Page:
“Little or no effect”: WHO study reveals four useless drugs against Covid-19

The controversial drug Remdesivir, considered one of the treatments most promising against Covid-19, it turned out, along with three other drugs, to be very little cash to prevent death from infection, which accumulates almost 40 million cases and 1.1 million deaths since the beginning of the outbreak in December.

The results are part of a study supported by the World Health Organization (WHO), which contrasts a previous study that made remdesivir a standard of care in the United States and other countries.

Originally intended as a treatment for the Ebola virus, Remdesivir was part of the experimental cocktail administered to US President Donald Trump after he contracted the coronavirus last month. Although it has not been approved for the pandemic in the US, it was authorized for emergency use after a study found it shortened recovery time in five days on average.

Therefore, the study, which does not deny previous research, does raise a new question about how much value the expensive drug gives to people sick with Covid-19.

According to the document posted on medRxiv, the effects on more than 11 thousand people in 30 countries, with 2,750 people randomly selected to obtain remdesivir. The rest received the antimalarial drug hidroxicloroquina, he interferon immune system booster, antiviral combination lopinavir-ritonavir or just the usual care. The latter drugs had already been largely ruled out for Covid-19 in previous studies, remdesivir not.

In results, death rates after 28 days, need for respirators, and time in hospital they were relatively similar for those who received remdesivir versus usual care.

The medicine “seems to have little or no effect in those hospitalized for covid-19, as indicated by the rates of mortality, the start of respiratory assistance or the length of hospital stay ”, the study explains.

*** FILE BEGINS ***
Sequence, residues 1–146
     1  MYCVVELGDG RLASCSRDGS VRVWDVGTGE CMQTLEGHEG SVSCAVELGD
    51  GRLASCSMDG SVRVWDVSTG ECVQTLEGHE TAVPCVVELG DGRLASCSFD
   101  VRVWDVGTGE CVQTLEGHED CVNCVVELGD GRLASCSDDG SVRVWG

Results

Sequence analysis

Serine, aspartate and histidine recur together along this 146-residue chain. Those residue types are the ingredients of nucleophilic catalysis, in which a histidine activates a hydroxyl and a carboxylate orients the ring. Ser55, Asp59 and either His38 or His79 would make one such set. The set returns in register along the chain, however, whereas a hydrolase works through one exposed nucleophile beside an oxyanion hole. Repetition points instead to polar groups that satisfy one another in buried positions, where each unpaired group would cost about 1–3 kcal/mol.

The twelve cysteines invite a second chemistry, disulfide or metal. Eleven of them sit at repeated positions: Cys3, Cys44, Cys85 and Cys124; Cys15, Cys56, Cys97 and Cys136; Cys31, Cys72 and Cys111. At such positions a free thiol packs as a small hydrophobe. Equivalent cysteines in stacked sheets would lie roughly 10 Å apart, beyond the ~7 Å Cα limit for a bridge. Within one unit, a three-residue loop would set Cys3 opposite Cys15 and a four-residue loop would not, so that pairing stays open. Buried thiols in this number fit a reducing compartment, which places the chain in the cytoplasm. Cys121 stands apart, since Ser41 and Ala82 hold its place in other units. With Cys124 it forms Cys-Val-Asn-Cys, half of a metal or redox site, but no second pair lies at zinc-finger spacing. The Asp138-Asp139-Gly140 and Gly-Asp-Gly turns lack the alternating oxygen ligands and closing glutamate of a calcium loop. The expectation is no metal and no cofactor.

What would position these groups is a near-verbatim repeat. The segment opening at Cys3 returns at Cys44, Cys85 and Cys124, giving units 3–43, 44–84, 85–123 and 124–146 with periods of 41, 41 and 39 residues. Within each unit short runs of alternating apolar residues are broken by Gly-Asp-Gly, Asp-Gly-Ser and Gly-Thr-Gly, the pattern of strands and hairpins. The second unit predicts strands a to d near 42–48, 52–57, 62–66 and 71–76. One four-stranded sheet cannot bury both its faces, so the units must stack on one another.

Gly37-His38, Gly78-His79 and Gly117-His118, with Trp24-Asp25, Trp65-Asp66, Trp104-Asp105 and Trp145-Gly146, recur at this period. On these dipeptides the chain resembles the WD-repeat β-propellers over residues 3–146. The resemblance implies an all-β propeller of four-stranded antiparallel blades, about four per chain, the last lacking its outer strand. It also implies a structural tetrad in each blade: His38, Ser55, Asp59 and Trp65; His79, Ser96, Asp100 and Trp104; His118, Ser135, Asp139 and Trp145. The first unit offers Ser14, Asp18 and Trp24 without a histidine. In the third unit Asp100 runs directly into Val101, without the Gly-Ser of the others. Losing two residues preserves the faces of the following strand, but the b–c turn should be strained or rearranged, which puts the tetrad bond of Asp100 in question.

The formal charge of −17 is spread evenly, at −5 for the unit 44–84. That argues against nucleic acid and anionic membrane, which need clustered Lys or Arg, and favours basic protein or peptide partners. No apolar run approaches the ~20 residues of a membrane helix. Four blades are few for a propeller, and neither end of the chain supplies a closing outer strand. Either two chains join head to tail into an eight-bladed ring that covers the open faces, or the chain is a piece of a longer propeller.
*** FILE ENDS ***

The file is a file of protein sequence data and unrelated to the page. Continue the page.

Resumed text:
“The big story is that remdesivir does not have a significant impact on survival”, He says Martin Landray, Professor at the University of Oxford who led other research on coronavirus treatment.

“This is a drug that must be administered by intravenous infusion for five to 10 days”And it costs around $ 2,550 per course of treatment, He said.

The Dr Margaret Harris, WHO spokesperson, attributed the difference in the conclusions of the two studies to the fact that the WHO was more massive.

“It’s just a much more powerful study,” he said. “It’s quadruple the number of people in all the other studies.”

He Dr. Andre Kalil, infectious disease specialist at the University of Nebraska, who helped lead the remdesivir study in the US, noted that the WHO study was poorly designed and therefore “unreliable.” Patients and doctors knew what treatment they were using, there was no placebo infusion to help avoid biased reporting of risks or benefits, there was little information about the severity of patients’ symptoms when they started treatments, and much missing data, he claimed.

“Poor quality study design cannot be solved with a large sample size, no matter how big“, Held.

Additionally, the WHO study tested 10 days of remdesivir, so some patients may have been hospitalized longer than necessary to finish treatment, making the length of your stay look poor compared to others receiving usual care.

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